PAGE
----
"Quite often he says, 'You're only as good as the last family you've worked with,'" said Scot Spencer, manager of Baltimore relations for the Annie E. Casey Foundation, a key private partner in the project.

Encompassing 80 acres marred by empty lots and vacant and dilapidated rowhouses, the project hopes to create hundreds of units of new and rehabilitated houses and to draw on Hopkins' research to attract biotech companies to new life sciences buildings, generating thousands of jobs.

Spencer says Shannon has made an "incredible amount of progress" and is a careful listener. "He's smart, but he's not arrogantly smart," Spencer said. "This [project] is a very tough dynamic. He is the person, for good or for bad, most clearly associated with what's happening."

"Jack is a savvy businessman, that's the way I have to look at it," said Lisa Williams, president of the Save Middle East Action Committee.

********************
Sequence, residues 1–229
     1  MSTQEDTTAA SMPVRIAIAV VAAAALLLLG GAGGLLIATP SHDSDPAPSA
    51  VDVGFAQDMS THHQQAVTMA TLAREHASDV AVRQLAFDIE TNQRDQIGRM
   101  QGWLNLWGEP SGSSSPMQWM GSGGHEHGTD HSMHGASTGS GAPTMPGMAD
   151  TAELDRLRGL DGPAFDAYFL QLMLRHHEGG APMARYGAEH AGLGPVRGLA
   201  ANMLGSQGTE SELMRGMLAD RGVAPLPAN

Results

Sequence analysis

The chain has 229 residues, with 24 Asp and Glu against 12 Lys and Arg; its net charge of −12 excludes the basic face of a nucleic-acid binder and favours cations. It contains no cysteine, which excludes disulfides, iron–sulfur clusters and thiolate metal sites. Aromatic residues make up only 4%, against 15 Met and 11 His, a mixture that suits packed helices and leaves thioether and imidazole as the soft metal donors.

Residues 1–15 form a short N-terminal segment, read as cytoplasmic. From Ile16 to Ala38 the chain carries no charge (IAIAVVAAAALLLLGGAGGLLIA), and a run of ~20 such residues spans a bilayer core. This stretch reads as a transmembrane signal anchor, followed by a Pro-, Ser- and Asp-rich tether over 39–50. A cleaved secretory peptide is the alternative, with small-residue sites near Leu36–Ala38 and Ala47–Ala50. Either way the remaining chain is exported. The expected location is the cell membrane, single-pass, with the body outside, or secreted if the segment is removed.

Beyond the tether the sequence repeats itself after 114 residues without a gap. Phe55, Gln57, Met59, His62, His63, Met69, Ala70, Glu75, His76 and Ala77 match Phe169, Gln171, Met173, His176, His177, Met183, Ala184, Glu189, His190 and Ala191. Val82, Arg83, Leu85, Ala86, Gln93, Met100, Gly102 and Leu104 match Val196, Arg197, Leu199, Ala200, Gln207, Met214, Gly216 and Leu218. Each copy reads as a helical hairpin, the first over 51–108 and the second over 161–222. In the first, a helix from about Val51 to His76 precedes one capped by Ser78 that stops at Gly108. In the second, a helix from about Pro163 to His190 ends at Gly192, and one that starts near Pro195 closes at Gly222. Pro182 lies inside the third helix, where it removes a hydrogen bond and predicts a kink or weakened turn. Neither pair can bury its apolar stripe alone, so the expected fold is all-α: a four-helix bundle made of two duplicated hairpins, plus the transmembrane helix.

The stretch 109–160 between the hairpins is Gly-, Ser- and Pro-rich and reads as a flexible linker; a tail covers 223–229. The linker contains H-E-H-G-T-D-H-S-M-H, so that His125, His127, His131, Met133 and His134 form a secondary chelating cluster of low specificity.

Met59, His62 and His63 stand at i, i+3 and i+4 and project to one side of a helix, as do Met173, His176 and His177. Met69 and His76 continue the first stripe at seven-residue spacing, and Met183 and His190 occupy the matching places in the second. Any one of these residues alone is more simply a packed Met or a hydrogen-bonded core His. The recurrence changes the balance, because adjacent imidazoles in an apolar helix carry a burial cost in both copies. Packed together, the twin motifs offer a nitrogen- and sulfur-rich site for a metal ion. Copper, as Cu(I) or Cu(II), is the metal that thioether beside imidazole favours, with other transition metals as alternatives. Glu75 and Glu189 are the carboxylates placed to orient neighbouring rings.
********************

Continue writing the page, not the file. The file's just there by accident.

It was SMEAC, aided by Morgan State University's Institute for Urban Research, that raised objections to the continued demolitions. Williams stresses that her organization supports the biotech project but wants to make sure that those affected are treated fairly. "We may disagree from time to time. But at the end of the day, as [Shannon] always says, the community should benefit," she said.

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As intense as he is articulate, John T. "Jack" Shannon, 41, grew up as the oldest of four children of an accountant father and nurse mother in Camden, N.J., the state's poorest city, "in a rowhouse - just like here in East Baltimore."